As cell-based therapeutics progress through clinical testing, there will be an increased need for scalable cell-manufacturing technologies that use non-animal-derived materials and are compatible with a limited number of downstream processing steps. Bioreactor-based manufacturing processes for hMSCs can drive higher cell yields per volume and unit operation, yet also introduce the requirement to separate cells from microcarriers. The incorporation of appropriately sized woven mesh filters or membrane filters into a normal flow filtration device is a simple and cost-effective single-use solution for the scales (3–200 L) required in regenerative medicine applications.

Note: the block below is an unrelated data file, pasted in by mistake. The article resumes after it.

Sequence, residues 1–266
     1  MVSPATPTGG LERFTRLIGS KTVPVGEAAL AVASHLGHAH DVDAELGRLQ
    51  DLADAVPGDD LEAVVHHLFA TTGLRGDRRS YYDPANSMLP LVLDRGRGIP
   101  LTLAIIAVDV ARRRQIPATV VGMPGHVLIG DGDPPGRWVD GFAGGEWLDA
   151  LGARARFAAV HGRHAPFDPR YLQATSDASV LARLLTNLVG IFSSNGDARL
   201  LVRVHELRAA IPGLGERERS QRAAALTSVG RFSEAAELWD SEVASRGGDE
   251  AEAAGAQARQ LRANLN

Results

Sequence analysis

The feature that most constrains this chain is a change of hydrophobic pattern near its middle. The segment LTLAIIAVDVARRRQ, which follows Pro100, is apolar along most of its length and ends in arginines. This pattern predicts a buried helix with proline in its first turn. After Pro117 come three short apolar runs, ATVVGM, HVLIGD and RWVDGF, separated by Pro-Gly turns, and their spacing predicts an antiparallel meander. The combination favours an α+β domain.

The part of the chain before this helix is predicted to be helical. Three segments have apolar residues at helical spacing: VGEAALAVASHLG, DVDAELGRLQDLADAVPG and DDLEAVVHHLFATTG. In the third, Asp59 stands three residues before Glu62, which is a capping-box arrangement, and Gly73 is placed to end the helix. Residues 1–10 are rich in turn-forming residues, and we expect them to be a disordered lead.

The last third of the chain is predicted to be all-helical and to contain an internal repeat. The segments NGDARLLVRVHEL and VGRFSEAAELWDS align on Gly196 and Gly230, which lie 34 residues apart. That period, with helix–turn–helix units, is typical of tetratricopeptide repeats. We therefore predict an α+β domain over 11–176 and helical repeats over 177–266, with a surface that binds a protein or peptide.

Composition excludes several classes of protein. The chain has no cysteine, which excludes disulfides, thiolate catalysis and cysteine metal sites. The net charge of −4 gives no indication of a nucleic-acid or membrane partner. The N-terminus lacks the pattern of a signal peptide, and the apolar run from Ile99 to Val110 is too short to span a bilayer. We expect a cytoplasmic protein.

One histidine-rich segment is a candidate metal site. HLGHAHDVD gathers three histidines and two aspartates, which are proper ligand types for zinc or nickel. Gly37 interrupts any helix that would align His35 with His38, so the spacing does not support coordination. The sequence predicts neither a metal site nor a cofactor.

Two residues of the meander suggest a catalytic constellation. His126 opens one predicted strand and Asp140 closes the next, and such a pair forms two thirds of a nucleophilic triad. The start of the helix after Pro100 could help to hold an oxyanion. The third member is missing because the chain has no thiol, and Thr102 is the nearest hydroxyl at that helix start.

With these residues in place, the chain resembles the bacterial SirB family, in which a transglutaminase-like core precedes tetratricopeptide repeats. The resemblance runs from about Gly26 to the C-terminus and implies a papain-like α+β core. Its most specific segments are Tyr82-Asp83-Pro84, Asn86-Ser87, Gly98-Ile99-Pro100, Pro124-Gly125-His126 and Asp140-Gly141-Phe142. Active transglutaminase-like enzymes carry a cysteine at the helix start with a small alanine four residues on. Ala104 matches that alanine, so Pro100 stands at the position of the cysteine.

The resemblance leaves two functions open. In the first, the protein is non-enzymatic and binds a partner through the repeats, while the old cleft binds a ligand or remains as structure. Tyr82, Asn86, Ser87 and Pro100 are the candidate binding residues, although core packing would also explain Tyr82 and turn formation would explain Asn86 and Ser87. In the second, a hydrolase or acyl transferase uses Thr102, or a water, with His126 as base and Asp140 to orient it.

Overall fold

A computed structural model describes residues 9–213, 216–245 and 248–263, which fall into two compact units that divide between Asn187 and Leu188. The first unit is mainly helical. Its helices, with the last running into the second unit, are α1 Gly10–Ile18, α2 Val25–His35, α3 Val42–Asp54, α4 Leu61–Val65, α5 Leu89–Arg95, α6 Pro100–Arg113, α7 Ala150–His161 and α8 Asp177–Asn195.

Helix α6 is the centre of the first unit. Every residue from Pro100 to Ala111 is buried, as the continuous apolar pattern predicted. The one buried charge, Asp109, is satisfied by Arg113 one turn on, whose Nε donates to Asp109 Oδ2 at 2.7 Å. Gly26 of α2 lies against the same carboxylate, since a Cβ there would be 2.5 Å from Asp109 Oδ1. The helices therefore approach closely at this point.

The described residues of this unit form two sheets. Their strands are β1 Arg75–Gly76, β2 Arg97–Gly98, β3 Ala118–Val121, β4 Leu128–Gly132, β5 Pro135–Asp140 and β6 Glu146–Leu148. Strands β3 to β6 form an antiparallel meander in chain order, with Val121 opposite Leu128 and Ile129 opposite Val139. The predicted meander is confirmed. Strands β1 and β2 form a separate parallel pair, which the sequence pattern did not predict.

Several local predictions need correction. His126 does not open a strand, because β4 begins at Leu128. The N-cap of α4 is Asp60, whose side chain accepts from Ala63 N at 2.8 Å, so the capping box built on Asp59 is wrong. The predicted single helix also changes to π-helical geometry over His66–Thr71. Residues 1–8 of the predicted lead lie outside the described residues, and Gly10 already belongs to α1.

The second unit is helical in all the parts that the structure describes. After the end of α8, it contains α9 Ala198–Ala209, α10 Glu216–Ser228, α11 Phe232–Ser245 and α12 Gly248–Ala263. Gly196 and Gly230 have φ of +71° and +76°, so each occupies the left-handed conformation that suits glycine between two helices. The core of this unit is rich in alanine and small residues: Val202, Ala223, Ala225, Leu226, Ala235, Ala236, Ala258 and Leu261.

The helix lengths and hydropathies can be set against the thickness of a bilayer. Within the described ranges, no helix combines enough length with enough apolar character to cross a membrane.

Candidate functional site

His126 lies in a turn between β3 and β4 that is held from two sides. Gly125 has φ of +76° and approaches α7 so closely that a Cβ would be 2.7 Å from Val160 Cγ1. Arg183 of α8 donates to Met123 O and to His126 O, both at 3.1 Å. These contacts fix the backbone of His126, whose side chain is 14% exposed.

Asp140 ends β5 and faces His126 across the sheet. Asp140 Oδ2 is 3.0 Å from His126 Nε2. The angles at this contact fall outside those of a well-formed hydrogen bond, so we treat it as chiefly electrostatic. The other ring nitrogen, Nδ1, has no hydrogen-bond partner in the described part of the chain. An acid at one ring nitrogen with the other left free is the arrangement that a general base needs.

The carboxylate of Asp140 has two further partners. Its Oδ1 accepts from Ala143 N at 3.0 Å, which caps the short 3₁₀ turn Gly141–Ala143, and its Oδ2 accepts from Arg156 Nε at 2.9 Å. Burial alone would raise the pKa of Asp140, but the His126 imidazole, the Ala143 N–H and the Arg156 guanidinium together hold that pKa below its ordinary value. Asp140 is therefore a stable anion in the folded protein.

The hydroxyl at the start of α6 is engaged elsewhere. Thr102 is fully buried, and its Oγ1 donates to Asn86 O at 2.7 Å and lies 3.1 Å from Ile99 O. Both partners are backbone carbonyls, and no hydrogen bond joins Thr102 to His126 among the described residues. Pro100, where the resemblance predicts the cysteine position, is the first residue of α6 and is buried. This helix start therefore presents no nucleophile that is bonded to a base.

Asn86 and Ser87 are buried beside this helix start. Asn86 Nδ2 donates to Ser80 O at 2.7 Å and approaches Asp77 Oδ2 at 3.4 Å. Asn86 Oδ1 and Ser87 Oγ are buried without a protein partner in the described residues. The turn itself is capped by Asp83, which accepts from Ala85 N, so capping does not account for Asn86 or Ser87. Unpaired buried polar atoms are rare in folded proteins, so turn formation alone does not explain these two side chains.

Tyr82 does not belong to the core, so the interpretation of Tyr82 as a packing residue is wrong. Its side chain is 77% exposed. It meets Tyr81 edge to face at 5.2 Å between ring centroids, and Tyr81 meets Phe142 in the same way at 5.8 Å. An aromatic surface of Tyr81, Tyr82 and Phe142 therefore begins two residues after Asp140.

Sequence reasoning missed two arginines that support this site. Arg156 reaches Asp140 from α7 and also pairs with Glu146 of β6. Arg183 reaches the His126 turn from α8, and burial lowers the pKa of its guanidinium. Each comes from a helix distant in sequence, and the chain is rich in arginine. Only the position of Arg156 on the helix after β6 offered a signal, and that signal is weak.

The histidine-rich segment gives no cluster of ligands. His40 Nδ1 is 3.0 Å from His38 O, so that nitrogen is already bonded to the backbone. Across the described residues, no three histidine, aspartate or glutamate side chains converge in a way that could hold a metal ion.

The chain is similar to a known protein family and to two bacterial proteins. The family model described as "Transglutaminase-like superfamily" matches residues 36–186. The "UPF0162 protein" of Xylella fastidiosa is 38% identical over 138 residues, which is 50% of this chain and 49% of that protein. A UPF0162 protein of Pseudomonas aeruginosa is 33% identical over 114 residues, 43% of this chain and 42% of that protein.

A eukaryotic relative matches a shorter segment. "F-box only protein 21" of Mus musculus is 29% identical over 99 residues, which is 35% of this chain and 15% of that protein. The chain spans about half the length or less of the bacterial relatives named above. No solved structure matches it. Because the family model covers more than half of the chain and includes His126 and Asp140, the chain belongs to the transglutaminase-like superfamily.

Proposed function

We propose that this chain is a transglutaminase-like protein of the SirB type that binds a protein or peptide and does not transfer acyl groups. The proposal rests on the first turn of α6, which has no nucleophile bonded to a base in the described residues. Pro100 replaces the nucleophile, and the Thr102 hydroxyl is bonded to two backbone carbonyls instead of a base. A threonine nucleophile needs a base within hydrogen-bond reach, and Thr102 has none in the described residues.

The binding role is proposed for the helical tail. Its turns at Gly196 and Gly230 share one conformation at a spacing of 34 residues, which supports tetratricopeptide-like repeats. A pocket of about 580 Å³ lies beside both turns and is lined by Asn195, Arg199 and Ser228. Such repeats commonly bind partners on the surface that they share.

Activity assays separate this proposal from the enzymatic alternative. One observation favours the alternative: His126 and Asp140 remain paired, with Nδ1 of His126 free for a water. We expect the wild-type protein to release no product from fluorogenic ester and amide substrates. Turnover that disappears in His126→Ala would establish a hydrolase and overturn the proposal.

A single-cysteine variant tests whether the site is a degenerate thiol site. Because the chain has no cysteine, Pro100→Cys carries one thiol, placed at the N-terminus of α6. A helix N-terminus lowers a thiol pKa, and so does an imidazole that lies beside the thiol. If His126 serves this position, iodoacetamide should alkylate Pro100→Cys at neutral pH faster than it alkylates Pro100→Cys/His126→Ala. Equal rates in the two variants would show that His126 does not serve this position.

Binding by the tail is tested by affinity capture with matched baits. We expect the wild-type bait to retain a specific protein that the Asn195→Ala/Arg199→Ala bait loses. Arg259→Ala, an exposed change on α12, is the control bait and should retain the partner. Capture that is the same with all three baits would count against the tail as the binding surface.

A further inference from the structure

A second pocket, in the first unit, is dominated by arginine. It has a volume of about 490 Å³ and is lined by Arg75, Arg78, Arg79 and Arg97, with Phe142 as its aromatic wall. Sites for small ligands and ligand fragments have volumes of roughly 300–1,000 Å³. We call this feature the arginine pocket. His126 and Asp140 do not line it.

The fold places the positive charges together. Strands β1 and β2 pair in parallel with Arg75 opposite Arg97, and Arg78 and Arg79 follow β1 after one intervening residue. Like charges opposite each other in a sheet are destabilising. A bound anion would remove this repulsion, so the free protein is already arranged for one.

1. A. Schnitzler, Biochem. Bioeng. J. 108, 3–13 (2016).
2. D. Jing et al., BioPharm. Int. 26 (4), 28–38 (2013).
3. T. Lawson et al., Biochem. Bioeng. J. 120, 49-62 (Apr. 15, 2017).
4. S. Maxson et al., Stem Cells Transl. Med. 1 (2), 142-149 (February 2012).
5. A.W. Nienow et al., Biochem. Eng. J. 85, 79–88 (Apr. 15, 2014).